They do flood easily. If it is not starting, turn off the choke, full throttle and hot start for a few kicks to clear it out, then zero throttle, no choke, and hotstart, keep kicking until it does start. Make sure you are at top dead center, and you give it a good smooth strong kick.

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As for the jetting, use a 45 leak jet, 168 main jet if you are above 1500 feet, and a 172 if you are below 1500 feet. Stock is 188 which is way to rich. And then set your fuel screw properly. Turn it in until the bike idles down, then turn it out until it idles the highest/runs the best. Test by blipping the throttle. And make sure you idle isn't too low.

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I checked the valves, Intake is right on the money .005 exhausts were .009, .010.

I do notice the pipe has black soot like it is running rich I may drop down on the main and see what happens.

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dropping down on the main will have no bearing on how the bike starts up

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The correct size main jet, either the 168 or 172 gives you a 1 HP boost of power. It does affect how the bike runs. Ron Hamp has proved this on his dyno.

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The correct size main jet, either the 168 or 172 gives you a 1 HP boost of power. It does affect how the bike runs. Ron Hamp has proved this on his dyno.

Yes, this is true. But, main jet changes will NOT affect how the bike starts. The pilot circuit (pilot jet, fuel screw, and starter jet [when using choke]) will affect the fuel delivery when kicking it over, with the throttle closed.

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Not meaning to start an argument, I was just stating that the different main jet does affect how the bike runs. I didn't say it affected how it started because the main jet controls 1/2 to full throttle.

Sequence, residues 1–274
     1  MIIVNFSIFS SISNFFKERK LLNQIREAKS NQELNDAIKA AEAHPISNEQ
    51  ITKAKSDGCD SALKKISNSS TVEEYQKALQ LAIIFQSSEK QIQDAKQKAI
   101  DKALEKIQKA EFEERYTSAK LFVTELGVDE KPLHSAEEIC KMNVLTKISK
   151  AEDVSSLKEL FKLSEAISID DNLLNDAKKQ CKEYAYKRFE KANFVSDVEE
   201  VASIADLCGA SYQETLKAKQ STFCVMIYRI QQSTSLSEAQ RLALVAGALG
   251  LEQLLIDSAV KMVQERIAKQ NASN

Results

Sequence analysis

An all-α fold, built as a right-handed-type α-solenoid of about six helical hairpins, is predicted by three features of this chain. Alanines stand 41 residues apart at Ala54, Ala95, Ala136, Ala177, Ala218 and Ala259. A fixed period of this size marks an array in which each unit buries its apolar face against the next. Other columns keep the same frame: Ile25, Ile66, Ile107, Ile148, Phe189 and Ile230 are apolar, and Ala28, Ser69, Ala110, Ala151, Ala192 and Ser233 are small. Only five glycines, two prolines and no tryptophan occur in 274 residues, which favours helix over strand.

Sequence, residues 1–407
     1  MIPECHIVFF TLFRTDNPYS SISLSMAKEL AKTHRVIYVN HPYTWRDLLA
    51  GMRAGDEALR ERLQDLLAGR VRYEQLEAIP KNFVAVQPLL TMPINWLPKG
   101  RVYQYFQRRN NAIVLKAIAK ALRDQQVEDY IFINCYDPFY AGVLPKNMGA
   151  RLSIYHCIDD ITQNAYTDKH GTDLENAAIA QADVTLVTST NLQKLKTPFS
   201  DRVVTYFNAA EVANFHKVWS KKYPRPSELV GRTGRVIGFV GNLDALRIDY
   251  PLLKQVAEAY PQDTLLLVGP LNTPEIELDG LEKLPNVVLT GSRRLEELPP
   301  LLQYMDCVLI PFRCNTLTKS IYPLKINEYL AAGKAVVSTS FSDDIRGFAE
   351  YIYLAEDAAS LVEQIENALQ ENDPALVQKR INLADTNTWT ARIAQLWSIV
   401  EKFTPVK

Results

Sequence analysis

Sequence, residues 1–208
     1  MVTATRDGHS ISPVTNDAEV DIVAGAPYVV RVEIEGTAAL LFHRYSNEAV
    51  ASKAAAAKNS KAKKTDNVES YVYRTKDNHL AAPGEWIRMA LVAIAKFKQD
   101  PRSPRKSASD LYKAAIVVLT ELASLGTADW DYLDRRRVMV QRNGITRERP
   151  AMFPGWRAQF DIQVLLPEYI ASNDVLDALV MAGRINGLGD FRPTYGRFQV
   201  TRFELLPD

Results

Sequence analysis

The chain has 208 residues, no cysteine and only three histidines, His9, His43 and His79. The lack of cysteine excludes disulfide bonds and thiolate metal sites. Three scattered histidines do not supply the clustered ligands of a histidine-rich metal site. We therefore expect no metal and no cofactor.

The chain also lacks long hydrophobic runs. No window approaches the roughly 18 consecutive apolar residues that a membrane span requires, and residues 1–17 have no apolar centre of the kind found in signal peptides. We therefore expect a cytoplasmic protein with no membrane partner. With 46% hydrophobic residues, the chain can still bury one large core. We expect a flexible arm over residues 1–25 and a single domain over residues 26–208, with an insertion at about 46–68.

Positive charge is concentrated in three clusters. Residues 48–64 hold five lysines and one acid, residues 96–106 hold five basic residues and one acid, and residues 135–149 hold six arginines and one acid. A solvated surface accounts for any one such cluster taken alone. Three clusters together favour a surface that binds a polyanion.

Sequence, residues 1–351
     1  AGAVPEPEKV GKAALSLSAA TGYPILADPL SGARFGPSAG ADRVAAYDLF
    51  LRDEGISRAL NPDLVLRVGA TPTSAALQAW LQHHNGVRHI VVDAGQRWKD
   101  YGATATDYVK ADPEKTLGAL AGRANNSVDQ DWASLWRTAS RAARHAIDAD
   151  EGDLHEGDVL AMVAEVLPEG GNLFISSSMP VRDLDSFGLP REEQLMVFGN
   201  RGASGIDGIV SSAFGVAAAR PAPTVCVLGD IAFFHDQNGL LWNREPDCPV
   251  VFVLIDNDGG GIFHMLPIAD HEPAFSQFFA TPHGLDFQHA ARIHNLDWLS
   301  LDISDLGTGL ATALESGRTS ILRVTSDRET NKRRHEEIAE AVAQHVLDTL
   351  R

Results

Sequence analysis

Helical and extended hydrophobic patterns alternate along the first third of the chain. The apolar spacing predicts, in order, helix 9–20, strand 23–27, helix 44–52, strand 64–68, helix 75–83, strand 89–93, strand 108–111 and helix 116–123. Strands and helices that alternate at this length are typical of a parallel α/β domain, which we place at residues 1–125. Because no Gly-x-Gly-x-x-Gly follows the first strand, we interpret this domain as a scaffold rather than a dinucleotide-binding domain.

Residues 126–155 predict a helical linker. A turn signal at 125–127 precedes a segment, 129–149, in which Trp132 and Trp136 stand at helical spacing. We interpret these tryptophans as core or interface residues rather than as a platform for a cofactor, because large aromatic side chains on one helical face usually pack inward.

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I agree about the main not helping the starting issue, I was going to drop down the main because of the black soot in the exhaust and leave it alone and see if it gets better after we ride a little longer. I may play with the pilot and try going up another size.

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As said before, the pilot circuit is your problem, probably. But also when you wash your bike, water some times enter all wierd places, so drain your float bowl, one single small drop of water can F-up your starting procedure badly. Just the big bolt in the bottom of the bowl, drain it, empty the bolt and so on.

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I too had a problem with starting. I shimmed the valves (they were tight), installed an R&D power pump and adjusted it to a #45 leak jet equivalent.

Gave the throttle 2 full twist, it fired. Before this it was almost impossible to start.

As far a jetting I am running a 172 main, the rest is stock and my pipes are still black at the tips.

Any thoughts, should I lean out the needle?

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You will always get a bit of black carbon on the end of the pipe. I wouldn't worry about it unless it is excessive. The 172 main jet should be fine for you if you are 1500 feet or below in elevation, if you are higher than 1500 feet I would use a 168 main jet. I am using the 168 main at 2100 feet and the sparkplug has a nice color to it. So I am happy with the jetting settings that I posted earlier.